HangPy is a simple background job manager for Python
HangPy is a simple background job manager for Python.
Its main purpose is to allow scheduling and distribution of asynchronous tasks.
It is being developed as a study project for Python. Nevertheless, it is completely functional.
- Python 3.9 (it is not tested on older versions)
In order to use HangPy on your project, it is necessary to install its package using the command below:
pip install hangpy
It is possible to create a standalone application to use as a server, importing both HangPy and the modules containing the tasks that will be scheduled. Another possibility is to use HangPy on a thread inside an already existing application.
This next code snippet shows a very basic example of the commands necessary in order to start a HangPy server instance:
import hangpy import redis # Instantiating a regular Redis client redis_client = redis.StrictRedis(host='172.17.0.1', port=6379, password=None) # Instantiating the server and job repositories server_repository = hangpy.RedisServerRepository(redis_client) job_repository = hangpy.RedisJobRepository(redis_client) # Configuring the HangPy server instance server_configuration = hangpy.ServerConfigurationDto(slots=10) # Defining the log output log_service = hangpy.PrintLogService() # Instantiating the server server_service = hangpy.ServerService(server_configuration, server_repository, job_repository, log_service) # Initializing the server server_service.start()
There is a builtin log class called
PrintLogService that can be injected in the
ServerService constructor. This logger will print the messages on the console. It is possible to build custom loggers inheriting from the abstract class
Stopping the server
It is possible to use the function
stop available on the
When the HangPy server is signaled to stop, it will wait for the jobs that are running on that instance to end, without fetching any new tasks from the queue.
In order to create a job that can be executed by HangPy, it is necessary to create a class that inherits from
It is necessary to override the function
action, placing the commands to be executed inside.
The code snippet below shows the scheduling of a simple job.
Suppose that exists a module named
job_delay, containing the following class:
import hangpy import time # Creating a job that does nothing but sleep for 10 seconds class JobDelay(hanpy.JobActivityBase): def action(self): time.sleep(10)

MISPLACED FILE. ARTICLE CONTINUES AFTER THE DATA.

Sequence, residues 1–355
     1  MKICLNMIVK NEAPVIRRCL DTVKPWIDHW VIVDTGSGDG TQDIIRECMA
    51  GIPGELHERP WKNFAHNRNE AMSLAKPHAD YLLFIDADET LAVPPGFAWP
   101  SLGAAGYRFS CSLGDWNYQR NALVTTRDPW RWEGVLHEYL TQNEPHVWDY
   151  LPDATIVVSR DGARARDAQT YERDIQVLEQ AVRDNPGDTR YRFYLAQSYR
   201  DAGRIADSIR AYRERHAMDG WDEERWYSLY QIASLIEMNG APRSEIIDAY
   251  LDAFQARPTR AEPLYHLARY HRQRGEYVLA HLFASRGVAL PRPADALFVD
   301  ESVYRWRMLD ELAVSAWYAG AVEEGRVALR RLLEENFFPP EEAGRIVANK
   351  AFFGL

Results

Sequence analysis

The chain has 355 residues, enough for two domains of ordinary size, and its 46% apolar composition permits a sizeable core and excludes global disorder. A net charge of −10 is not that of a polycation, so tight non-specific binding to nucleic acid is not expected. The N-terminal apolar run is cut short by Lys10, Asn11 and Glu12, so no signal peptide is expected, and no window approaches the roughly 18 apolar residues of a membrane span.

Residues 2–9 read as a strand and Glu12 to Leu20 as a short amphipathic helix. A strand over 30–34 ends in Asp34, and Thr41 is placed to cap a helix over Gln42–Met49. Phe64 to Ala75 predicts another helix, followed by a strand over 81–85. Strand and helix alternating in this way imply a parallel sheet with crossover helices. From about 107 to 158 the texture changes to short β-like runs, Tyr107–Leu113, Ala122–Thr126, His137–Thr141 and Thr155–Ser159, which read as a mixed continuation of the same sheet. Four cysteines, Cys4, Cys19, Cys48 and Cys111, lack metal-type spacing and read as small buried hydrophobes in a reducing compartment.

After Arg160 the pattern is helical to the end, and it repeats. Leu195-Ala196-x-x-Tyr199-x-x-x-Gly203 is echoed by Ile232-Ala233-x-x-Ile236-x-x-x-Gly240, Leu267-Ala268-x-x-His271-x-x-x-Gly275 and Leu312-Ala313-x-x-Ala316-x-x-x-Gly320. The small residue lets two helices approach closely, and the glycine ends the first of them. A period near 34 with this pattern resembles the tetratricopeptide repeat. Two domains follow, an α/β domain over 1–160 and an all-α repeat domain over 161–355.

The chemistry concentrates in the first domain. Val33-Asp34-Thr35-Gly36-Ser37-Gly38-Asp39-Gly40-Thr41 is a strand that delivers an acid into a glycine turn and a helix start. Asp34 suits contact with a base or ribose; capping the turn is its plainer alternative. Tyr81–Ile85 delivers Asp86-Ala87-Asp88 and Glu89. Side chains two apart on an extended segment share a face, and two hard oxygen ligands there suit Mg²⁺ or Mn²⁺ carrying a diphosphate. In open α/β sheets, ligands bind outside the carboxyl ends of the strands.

A simple script to schedule the execution of this job would look something like this next snippet:
import hangpy import redis from job_delay import JobDelay # Instantiating a regular Redis client redis_client = redis.StrictRedis(host='172.17.0.1', port=6379, password=None) # Instantiating the job repository job_repository = hangpy.RedisJobRepository(redis_client) # Scheduling the execution of the job job_service = hangpy.JobService(job_repository) job_service.enqueue_job(JobPrintDateTime())
examples folder there are some scripts that show in a simple way how to use HangPy.
The examples include a simple implementation of a standalone HangPy server that runs on the console.
HangPy was developed to scale. It is possible to run many instances of servers using the same repositories, to allow the distribution of the jobs processing load.
Each server instance can use a different configuration, choosing what best suits the environment.
Using the class
ServerConfigurationDto is possible to configure the details of each server instance.
slots: Set the maximum number of jobs that can be executed in parallel on each server instance.
cycle_interval_milliseconds: Sets the time the system sleeps between each processing cycle on the server instance. This sleep time only occurs when a cycle ends and there are no jobs enqueued.
HangPy was built in a way to allow that any repository could be used to store its internal data.
Although there is builtin support for using Redis, all calls are made through the abstract classes
For example, if someone wants to use HangPy with its internal data stored in a relational database, it would be enough to implement the methods described on those both interfaces, passing these implementations as arguments to the class
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